WILLIAM MAITLAND. SIR JOHN MALCOLM. 563
MAITLAND, WILLIAM, an antiquarian writer of some note, is generally re- presented as having been born at Brechin in the year 1693, though there is reason to suppose the date of his birth to have been somewhat earlier. He does not appear in his writings to have been a man of liberal education. His first employment was that of a hair merchant ; in the prosecution of which business, he travelled into Sweden and Denmark, to Hamburg, and other places, and appears to have realized considerable wealth. At length he settled in London, and applied himself to the study of English and Scottish antiquities. In 1733, he was elected a member of the Royal, and in 1735, a fellow of the Antiquarian Society, which latter honour he resigned in 1740, on going to re- side in the country. His first publication was his History of London, which appeared in 1739, and was chiefly valuable for a reason little creditable to the author, namely, its being in a great measure a reduction of the ancient and scarce work of Stow^ In 1740, he retired to Scotland; and in 1753, pub- lished his " History of Edinburgh," which is by far the most useful and credit- able of all his works. He was not here assisted to any considerable degree by preceding authorities : the volume is chiefly compiled from original documents, and must have been accordingly a work of very great labour. In point of com- position, it is very deficient. The style is mean, and the whole tone of the work that of a plain, dull old man. It also bears in some parts the traces of credulity and narrowness of understanding on the part of the author. As a compilation of facts, it is, nevertheless, very valuable. In 1757, Maitland published a " History of Scotland," in two volumes folio, a work absolutely des- titute of reputation. He died at Montrose, July 16, 1757, " at an advanced age," say the obituary notices, and possessed of above 10,000.
MALCOLM, (Sir) JOHN, a distinguished soldier and diplomatist, was born on the farm of Burnfoot, near Langholm, on the 2nd of May, 1769. This farm was granted to the paternal grandfather of Sir John, at a low rent, by the earl of Dalkeith, in 1707 ; it subsequently became the residence of George Malcolm, the father of Sir John, who married Miss Pasley, daughter of James Pasley, Esq. of Craig and Burn, by whom he had seventeen children, fifteen surviving to maturity. Of these children, three attained to a high station and title ; namely, Sir Pulteney, vice-admiral, R. N. ; Sir James, lieutenant^colonel of marines ; both of whom are Knight Companions of the Bath ; and the subject of this memoir. The farm is still in possession of the family.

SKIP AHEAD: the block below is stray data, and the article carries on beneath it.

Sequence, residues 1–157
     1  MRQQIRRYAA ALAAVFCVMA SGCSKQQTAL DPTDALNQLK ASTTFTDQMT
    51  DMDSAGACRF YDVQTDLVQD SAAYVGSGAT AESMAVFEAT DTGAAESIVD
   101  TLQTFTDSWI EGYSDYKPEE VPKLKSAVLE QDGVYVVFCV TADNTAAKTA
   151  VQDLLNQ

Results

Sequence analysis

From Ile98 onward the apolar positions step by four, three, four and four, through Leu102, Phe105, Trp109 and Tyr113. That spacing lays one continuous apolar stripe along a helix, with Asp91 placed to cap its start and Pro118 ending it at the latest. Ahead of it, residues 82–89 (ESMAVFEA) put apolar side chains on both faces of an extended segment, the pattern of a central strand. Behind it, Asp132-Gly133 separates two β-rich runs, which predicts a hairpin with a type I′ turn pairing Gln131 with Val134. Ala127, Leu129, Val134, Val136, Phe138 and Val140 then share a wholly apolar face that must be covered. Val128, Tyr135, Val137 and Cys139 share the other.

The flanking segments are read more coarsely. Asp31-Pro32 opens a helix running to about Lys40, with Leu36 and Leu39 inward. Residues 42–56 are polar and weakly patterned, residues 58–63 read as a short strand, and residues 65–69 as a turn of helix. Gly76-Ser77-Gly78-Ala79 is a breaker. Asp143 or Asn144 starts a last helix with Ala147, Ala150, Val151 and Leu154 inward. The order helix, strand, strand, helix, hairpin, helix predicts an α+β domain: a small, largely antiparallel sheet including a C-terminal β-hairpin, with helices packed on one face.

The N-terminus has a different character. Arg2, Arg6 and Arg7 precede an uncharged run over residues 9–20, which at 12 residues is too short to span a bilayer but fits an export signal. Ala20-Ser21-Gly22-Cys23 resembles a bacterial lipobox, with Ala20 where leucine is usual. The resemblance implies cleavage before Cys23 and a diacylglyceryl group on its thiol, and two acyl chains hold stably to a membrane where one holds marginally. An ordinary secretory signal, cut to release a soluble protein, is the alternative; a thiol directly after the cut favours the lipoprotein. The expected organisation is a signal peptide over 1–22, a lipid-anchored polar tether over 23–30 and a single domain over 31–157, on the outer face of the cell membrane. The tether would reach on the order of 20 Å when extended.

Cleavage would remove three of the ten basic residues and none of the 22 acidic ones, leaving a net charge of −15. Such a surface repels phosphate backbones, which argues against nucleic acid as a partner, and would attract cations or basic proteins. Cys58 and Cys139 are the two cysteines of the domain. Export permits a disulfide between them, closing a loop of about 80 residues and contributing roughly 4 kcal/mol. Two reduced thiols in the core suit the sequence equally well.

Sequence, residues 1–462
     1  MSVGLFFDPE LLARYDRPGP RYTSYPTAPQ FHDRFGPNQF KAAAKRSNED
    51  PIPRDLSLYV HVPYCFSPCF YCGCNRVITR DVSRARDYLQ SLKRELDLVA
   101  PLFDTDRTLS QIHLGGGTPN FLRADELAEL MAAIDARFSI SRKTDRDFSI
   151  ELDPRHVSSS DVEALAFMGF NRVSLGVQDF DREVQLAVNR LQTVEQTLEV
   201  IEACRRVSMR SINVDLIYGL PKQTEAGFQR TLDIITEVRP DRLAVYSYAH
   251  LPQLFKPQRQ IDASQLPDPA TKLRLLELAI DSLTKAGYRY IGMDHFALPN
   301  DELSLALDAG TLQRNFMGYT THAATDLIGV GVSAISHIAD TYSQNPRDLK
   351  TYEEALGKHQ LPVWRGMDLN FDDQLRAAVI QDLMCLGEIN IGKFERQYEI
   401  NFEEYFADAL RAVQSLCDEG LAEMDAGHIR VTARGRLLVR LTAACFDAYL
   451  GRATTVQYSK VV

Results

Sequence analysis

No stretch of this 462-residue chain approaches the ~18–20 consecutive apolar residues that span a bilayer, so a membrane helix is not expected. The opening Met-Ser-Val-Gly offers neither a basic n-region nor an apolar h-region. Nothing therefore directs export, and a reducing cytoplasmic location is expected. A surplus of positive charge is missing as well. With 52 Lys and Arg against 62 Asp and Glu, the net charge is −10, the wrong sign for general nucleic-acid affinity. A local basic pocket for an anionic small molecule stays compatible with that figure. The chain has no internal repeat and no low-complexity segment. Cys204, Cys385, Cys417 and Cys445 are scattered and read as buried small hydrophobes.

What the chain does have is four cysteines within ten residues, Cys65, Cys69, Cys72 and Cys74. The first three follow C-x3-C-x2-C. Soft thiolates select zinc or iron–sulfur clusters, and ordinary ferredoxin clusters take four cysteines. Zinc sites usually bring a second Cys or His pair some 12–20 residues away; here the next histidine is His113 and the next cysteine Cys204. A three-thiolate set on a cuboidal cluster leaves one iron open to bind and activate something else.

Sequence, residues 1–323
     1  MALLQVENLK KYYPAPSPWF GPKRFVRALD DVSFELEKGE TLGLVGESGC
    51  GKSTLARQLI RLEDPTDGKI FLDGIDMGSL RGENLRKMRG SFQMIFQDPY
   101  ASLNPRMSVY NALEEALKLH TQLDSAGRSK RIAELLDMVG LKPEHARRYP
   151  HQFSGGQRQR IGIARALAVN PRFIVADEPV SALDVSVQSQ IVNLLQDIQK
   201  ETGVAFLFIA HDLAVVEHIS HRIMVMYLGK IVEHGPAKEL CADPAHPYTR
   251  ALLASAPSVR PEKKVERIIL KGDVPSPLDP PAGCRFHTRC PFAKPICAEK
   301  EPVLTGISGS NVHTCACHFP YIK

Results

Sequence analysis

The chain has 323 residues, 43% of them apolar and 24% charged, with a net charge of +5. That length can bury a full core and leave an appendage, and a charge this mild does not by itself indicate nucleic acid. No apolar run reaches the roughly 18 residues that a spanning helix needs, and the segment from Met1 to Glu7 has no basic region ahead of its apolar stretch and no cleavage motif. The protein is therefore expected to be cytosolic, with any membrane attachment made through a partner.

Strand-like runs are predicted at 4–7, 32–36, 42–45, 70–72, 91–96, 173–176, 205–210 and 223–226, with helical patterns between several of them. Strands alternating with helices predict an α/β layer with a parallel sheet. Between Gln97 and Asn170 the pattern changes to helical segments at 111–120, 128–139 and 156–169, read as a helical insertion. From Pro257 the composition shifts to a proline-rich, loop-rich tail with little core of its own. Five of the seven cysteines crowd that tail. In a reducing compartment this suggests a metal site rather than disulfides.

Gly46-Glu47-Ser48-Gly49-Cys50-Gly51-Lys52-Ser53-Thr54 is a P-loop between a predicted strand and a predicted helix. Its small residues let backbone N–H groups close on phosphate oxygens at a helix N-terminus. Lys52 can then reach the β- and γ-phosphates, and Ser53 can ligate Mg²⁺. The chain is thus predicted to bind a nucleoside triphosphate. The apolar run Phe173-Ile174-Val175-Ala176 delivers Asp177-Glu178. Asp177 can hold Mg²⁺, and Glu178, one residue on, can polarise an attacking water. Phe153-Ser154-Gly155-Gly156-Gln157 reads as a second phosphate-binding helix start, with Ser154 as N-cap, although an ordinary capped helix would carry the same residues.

Sir John Malcolm entered life in 1782, as a cadet in the service of the East India Company ; and a part of his success is to be ascribed to the zeal with which he applied himself at first to study the manners and languages of the east. Having distinguished himself at the siege of Seringapatam in 1792, he was ap- pointed by lord Cornwallis to the situation of Persian interpreter to an English force serving with a native prince. In 1795, on his return from a short visit to his native country, on account of his health, he performed some useful services in general Clarke's expedition at the Cape of Good Hope, for which he re- ceived the thanks of the Madras government, and was appointed secretary to the commander-in-cluef. In 1797, he was made captain ; and from that time to 1799, he was engaged in a variety of important services, terminating at the fall of Seringapatam, where he highly distinguished himself. He was then ap- pointed joint secretary with captain (afterwards Sir Thomas) Munro, to the commissioners for settling the new government of Mysore. In the same year, he was selected by Lord Wellesley to proceed on a diplomatic mission to Persia, where he concluded two treaties of great importance, one political, and the other commercial ; returning to Bombay in May, 1801. His services were ac- knowledged by his being appointed private secretary to the governor-general. In